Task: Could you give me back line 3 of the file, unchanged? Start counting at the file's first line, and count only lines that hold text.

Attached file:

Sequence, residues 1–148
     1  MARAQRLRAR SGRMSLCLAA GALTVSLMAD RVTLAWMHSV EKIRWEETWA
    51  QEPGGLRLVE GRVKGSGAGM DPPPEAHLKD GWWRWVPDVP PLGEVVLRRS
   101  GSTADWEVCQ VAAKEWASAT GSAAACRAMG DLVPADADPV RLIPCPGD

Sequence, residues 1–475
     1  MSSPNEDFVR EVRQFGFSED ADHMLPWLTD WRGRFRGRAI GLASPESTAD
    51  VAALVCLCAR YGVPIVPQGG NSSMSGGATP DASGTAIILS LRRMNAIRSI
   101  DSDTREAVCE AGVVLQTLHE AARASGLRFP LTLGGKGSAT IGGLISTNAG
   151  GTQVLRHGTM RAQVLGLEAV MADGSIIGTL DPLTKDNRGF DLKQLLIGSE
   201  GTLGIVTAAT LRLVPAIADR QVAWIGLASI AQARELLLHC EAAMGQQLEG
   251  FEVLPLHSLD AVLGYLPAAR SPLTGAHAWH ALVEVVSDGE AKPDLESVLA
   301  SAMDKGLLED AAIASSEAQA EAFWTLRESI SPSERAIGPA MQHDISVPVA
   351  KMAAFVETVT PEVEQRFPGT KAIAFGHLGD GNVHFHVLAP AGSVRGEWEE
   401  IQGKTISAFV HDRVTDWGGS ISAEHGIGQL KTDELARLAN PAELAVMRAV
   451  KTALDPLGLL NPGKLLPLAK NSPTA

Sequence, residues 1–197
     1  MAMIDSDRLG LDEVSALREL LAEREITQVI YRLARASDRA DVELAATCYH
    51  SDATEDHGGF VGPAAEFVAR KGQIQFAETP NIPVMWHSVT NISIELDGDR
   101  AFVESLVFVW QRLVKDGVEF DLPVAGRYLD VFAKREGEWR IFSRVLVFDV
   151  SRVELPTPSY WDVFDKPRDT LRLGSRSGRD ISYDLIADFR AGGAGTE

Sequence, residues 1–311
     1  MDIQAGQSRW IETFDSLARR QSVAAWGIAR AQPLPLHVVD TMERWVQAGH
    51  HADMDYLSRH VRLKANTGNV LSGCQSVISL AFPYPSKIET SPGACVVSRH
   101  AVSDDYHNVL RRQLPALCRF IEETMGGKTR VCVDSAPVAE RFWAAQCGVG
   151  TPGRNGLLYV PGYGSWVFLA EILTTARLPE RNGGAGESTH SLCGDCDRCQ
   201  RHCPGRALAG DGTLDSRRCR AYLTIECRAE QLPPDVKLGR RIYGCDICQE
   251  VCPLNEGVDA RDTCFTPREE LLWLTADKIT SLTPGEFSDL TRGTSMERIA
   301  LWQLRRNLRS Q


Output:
    51  QEPGGLRLVE GRVKGSGAGM DPPPEAHLKD GWWRWVPDVP PLGEVVLRRS